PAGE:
This is part of the PocketWatch Character Spotlight Blog Hop! Take a look at the others characters and their writers spotlighted at the bottom of this post.
I have always loved villains.
More often than not, I had found the antagonist more of an engaging character than the protagonist, especially in fantasy. They were the great ruling despots, said to have so much charm or force that an entire kingdom bowed to their whims.
They were painted in broad and vivid strokes, meant to be the impassable obstacle for the hero to overcome. In that, they were untouchable, and that air of mystery and power made them fascinating.
But I always wanted to know how they got there.
What was their rise to power like? What drove them? How did they see the turn of events, their reign? No one ever thinks of themselves as a villain—we are all the heroes of our own stories.
I wanted to see their side. What the hero’s journey looked like through the eyes of their adversary.
But, unfortunately, books usually left me unsatisfied in one of two ways.
The first, of course, has been long parodied and for good reason. Our Evil Overlord is kept more or less shrouded in uncertainty, right up until the very end. Then, either any motivation is skimmed over, or if something is given, it’s so rushed that it hardly feels genuine. What would start out as a terrifying and interesting idea would be boiled down to one-dimensional sludge by the finale.
I blamed this on the fact that we were, of course, following the protagonist. Their counterpart’s role was reserved for moving the plot and providing a challenge. Any further characterization was often left to the wayside, or hurriedly tacked on.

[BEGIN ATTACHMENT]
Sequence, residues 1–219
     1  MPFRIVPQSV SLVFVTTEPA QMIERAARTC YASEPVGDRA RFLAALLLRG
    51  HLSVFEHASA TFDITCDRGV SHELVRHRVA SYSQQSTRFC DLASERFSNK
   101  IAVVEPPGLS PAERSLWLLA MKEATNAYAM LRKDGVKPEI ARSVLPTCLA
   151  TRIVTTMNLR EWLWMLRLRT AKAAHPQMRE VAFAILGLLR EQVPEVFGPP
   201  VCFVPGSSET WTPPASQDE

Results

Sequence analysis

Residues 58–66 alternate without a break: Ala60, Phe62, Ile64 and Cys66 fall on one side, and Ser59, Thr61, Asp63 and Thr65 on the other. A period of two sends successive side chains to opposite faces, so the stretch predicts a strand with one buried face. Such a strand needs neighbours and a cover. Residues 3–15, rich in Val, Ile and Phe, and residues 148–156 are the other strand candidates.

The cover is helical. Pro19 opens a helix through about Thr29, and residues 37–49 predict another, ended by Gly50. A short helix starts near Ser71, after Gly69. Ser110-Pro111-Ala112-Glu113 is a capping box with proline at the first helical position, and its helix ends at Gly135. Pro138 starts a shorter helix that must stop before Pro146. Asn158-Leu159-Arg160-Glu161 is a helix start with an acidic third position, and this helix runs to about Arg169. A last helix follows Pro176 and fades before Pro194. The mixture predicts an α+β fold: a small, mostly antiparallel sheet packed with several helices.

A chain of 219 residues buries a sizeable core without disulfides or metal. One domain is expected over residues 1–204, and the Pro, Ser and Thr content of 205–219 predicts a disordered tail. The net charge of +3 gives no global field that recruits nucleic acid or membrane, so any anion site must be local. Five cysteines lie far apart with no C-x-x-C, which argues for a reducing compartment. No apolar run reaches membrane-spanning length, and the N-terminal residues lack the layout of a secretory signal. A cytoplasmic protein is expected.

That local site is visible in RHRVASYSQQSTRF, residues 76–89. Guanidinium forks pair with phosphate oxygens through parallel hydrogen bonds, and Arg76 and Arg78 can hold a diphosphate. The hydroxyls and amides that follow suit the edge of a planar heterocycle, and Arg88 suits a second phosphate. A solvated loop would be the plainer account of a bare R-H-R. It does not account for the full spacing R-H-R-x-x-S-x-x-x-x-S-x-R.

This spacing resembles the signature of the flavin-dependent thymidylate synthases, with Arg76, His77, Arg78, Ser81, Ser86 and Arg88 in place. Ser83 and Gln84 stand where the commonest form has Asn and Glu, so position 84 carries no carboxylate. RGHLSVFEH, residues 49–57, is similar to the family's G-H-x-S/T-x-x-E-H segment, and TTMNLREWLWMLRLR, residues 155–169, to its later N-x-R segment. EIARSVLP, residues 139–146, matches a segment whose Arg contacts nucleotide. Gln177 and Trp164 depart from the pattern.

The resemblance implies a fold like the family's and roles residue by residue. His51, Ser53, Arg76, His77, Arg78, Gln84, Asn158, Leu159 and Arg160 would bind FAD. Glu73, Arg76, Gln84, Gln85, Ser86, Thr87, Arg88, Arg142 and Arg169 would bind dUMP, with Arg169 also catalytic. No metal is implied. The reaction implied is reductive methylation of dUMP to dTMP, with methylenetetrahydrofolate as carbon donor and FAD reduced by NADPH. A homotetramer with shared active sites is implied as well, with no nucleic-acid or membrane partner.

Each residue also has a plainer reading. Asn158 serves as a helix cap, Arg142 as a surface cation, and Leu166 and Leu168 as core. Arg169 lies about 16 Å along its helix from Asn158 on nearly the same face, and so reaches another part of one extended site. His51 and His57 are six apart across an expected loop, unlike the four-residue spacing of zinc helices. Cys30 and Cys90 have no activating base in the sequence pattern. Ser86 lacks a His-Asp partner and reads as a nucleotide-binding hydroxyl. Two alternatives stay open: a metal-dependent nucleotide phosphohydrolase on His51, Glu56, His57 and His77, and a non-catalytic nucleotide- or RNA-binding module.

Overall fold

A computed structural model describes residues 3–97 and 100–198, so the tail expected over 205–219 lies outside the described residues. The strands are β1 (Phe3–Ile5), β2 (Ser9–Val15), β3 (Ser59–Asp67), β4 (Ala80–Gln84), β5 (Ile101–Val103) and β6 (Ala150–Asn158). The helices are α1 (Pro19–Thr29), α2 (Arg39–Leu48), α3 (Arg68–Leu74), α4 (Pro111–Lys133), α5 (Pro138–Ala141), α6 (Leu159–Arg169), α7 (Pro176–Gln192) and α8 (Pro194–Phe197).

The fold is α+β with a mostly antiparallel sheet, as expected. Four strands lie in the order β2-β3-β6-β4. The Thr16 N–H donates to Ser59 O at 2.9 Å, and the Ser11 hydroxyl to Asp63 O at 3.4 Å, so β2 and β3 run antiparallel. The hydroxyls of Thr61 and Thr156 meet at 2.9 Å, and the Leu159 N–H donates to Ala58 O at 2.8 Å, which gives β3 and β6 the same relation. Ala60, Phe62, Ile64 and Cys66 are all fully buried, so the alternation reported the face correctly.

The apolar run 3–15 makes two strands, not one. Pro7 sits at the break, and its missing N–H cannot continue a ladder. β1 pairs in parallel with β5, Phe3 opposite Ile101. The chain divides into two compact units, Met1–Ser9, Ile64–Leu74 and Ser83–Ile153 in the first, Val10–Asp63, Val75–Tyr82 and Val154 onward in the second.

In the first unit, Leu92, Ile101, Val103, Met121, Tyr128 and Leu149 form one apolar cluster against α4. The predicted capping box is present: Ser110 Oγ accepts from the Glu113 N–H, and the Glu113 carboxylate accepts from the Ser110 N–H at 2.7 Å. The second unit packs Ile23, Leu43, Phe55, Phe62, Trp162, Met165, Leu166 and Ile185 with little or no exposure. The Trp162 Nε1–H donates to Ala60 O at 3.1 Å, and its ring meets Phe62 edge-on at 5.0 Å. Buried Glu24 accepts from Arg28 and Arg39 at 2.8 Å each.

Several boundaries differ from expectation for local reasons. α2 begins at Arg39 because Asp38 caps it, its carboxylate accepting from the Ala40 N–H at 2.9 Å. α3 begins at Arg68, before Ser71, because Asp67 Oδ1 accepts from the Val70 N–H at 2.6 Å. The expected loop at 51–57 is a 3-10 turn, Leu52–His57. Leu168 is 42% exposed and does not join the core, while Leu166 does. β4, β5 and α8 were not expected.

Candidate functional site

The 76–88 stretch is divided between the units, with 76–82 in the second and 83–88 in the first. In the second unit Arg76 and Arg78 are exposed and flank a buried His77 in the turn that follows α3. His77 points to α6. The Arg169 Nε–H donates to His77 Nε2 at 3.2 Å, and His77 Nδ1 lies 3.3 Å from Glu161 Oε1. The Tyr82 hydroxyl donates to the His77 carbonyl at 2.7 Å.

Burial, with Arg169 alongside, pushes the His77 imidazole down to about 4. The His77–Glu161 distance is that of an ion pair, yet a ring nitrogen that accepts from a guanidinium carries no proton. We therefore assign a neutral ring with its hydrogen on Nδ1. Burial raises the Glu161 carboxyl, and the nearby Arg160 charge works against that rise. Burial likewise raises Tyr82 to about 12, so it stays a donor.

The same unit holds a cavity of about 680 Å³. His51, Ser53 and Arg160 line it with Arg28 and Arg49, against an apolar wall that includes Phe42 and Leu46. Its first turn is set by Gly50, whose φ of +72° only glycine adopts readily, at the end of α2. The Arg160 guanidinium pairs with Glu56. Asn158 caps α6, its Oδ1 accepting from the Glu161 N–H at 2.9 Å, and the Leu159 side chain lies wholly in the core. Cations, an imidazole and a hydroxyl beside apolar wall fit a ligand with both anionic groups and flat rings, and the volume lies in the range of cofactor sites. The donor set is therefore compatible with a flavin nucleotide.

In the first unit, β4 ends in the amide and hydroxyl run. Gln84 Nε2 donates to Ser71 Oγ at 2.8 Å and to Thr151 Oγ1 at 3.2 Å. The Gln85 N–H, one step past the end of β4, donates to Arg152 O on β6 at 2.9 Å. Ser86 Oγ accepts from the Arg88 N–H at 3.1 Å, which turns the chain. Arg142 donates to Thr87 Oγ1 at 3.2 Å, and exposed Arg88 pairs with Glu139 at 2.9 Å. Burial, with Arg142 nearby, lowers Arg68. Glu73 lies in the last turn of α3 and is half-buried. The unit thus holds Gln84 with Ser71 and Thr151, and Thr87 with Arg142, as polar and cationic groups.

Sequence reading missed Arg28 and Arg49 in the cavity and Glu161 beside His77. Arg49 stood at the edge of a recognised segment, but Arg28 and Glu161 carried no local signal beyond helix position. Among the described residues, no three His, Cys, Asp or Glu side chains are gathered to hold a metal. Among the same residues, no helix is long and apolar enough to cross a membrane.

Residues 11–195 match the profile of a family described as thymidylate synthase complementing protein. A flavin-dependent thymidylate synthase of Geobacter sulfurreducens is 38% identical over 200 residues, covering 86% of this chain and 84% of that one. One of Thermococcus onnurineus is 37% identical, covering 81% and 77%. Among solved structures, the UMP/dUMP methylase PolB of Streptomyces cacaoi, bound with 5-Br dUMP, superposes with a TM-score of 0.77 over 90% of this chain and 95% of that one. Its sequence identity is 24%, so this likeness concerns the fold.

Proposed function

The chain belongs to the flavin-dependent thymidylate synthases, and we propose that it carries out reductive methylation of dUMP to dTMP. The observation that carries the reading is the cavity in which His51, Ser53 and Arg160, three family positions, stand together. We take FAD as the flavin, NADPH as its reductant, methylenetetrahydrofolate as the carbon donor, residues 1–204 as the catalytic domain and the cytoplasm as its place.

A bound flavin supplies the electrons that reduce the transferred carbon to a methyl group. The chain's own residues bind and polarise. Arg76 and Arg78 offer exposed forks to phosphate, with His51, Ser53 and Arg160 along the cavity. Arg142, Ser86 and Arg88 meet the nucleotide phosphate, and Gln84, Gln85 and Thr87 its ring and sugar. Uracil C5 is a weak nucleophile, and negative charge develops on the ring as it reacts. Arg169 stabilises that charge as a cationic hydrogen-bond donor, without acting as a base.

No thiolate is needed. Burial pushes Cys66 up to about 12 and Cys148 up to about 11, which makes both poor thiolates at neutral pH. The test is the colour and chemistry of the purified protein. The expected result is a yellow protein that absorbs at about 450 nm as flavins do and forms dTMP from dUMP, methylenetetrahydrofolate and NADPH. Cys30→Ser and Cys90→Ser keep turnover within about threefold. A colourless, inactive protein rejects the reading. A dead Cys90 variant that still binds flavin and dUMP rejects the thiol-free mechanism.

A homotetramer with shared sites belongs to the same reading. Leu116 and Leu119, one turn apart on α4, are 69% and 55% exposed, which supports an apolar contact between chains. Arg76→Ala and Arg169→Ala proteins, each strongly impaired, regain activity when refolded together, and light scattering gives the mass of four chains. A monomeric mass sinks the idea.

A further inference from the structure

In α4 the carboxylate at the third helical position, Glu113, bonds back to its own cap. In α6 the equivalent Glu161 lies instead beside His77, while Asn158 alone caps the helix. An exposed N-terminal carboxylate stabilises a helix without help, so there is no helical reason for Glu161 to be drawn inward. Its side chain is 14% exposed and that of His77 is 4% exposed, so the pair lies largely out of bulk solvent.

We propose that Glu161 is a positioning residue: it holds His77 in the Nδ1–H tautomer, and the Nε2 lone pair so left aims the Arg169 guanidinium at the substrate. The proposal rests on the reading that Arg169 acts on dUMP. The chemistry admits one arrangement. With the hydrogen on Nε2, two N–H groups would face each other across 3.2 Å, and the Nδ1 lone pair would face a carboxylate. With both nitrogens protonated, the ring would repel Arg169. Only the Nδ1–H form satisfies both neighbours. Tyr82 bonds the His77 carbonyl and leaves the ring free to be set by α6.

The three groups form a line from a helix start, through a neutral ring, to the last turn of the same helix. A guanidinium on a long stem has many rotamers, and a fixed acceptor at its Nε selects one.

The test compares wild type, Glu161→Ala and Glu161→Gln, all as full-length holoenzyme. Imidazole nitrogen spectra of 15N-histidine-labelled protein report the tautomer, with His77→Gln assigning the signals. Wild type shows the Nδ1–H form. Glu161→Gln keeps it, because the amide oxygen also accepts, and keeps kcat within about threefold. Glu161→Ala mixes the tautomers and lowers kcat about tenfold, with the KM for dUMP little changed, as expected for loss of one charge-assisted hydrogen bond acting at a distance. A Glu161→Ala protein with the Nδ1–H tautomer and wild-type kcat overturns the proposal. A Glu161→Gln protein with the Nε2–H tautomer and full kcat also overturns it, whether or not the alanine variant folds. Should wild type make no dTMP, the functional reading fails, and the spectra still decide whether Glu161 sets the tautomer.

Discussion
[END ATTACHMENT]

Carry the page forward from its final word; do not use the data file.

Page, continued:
But at least there had been a glimmer of something greater there, even if it didn’t come to fruition.
Worse yet were the times where I was given a closer view of the villain… only to have them fall flat. Those times when a Tyrant King was said to be charismatic or brilliant, but then failed to be any of those things when they were on the page.
I was always left wondering how in heaven’s name they’d not been murdered in their sleep at the beginning, much less lasted long enough to become the Big Bad. (Terry Goodkind, I’m looking at you. I still don’t know why anyone followed Darken Rahl and he wasn’t just drowned in a river or something early on.)
So, in my frustration, I began stewing on an idea. What if an epic fantasy was mainly concerned with the villain’s motivations and reasons? Instead of just seeing the fruits of their labor, the already-won kingdom and army, what if the plot was focused on their rise to power?
And so the first seeds of The Piety of Others and its main character, the Lord General Nikodemus, sprouted in my mind.